“I thought for sure they she was going to make that putt,” said Thompson of Jungeun’s putt on the final hole. “I was expecting to go to 1. I mean, I don't know how she missed it. Maybe because she just‑‑ she sort of backed away a lot. But I figured she would have made it with her eyes closed.”

Thompson is chasing history as well – she would be the youngest Women’s Amateur winner in the championship’s 109-year history. She is also trying to become the seventh in history to claim the Girls’ Junior and Women’s Amateur. Her semifinal opponent will be Jennifer Johnson, 17, of La Quinta, Calif., who advanced with a decisive 5-and-4 victory over Candace Schepperle, 21, of Birmingham, Ala.

In her four matches during the championship, Johnson, an incoming freshman at Arizona State University, has yet to trail through 58 holes. Starting at No. 4, she won three four in a five-hole stretch against Schepperle to take control.

“It's been nice, getting up early and having the lead,” said Johnson. “But I don't think this week's been too easy. It's been pretty mentally exhausting. Yesterday I was really tired last night after 32 holes. I think I've just got to get good rest tonight and I think I'll be ready for tomorrow.”

The 2009 U.S. Women’s Amateur continues with the semifinal matches Saturday. The championship’s 36-hole final will be played Sunday.

The U.S. Women’s Amateur is one of 13 championships conducted annually by the United States Golf Association each year, 10 of which are strictly for amateurs.

St. Louis – Results from the quarterfinal round of match play Friday at the 2009 U.S. Women’s Amateur being conducted at the 6,468-yard, par-71 Old Warson Country Club:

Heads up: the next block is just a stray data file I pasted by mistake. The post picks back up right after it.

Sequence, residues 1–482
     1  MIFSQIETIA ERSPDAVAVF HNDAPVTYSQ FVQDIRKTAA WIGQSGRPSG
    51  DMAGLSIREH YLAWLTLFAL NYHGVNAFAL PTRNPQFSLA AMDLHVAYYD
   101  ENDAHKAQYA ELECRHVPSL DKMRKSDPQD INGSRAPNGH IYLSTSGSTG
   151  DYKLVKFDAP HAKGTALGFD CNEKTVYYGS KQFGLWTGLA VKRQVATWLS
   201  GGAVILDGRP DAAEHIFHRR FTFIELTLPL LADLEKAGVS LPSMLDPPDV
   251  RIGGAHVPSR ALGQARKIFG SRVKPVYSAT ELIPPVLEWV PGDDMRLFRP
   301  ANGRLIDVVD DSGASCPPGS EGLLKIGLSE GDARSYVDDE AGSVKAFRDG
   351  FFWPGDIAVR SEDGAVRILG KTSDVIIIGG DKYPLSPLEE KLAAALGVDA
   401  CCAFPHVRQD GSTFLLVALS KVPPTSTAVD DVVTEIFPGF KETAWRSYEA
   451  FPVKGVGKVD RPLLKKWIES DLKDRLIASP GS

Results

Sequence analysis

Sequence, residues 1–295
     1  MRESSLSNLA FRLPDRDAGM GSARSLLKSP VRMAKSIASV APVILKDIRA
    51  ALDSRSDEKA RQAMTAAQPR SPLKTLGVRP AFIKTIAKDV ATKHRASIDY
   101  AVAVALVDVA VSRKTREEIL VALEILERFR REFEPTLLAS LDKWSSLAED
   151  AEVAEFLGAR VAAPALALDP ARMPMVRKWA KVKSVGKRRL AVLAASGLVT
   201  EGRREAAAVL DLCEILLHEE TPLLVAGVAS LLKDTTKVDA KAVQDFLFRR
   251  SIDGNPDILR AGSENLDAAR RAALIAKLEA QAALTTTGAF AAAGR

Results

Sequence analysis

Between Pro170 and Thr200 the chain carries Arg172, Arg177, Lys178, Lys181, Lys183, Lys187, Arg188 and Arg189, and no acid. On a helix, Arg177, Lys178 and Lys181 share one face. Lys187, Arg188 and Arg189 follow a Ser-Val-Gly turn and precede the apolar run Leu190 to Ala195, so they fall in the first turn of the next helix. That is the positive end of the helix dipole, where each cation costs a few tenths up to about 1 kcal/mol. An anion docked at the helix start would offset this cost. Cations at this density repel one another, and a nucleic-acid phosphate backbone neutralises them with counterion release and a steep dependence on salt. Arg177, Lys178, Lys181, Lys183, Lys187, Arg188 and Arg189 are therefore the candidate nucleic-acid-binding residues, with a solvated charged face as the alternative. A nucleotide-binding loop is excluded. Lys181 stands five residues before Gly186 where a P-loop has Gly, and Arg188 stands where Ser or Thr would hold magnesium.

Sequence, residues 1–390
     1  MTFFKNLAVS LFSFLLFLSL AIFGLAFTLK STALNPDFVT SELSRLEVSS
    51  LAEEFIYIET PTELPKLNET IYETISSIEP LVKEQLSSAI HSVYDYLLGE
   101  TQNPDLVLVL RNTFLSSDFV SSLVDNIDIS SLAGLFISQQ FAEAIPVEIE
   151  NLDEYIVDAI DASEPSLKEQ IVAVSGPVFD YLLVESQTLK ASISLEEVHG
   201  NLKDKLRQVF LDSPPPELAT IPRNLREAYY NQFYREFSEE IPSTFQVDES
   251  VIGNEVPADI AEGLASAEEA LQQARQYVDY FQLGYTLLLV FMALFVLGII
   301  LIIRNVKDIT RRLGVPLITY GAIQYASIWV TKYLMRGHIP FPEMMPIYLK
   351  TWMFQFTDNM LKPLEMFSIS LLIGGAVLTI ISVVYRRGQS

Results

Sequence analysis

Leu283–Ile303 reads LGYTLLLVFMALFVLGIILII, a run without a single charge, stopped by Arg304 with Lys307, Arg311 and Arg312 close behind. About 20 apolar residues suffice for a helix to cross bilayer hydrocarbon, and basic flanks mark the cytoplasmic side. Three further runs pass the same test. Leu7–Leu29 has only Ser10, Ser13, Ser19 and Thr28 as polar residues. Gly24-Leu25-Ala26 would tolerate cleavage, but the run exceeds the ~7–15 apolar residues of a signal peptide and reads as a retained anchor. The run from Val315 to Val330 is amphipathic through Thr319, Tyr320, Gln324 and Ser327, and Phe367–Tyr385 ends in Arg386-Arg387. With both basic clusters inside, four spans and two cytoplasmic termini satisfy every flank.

Upper Bracket

Jennifer Johnson, La Quinta, Calif. (147) def. Candace Schepperle, Birmingham, Ala. (148), 5 and 4

Alexis Thompson, Coral Springs, Fla. (150) def. Han Jungeun, Korea (146), 1 up

Lower Bracket

Tiffany Lua, Rowland Heights, Calif. (142) def. Jessica Korda, Bradenton, Fla. (139), 3 and 2

Jennifer Song, Ann Arbor, Mich. (146) def. Stephanie Kono, Honolulu, Hawaii (147), 2 and 1

St. Louis – Pairings and starting times for the semifinal round of match play Saturday at the 2009 U.S. Women’s Amateur being conducted at the 6,468-yard, par-71 Old Warson Country Club (All times CDT):


Upper Bracket

9:30 a.m. Jennifer Johnson, La Quinta, Calif. (147) vs. Alexis Thompson, Coral Springs, Fla. (150)

Lower Bracket

9:45 a.m. Tiffany Lua, Rowland Heights, Calif. (142) vs. Jennifer Song, Ann Arbor, Mich. (146)

Results For U.S. Women's Amateur Championship
WinCAJennifer SongLa Cañada, CA2000
Runner-upCAJennifer JohnsonLa Quinta, CA1500
SemifinalsFLLexi ThompsonCoral Springs, FL1000
SemifinalsCATiffany LuaRowland Heights, CA1000
QuarterfinalsALCandace SchepperleBirmingham, AL700

View full results for U.S. Women's Amateur Championship

ABOUT THE U.S. Women's Amateur

The U.S. Women's Amateur, the third oldest of the USGA championships, was first played in 1895 at Meadowbrook Club in Hempstead, N.Y. The event is open to any female amateur who has a USGA Handicap Index not exceeding 5.4. The Women's Amateur is one of 13 national championships conducted annually by the USGA, 10 of which are strictly for amateurs.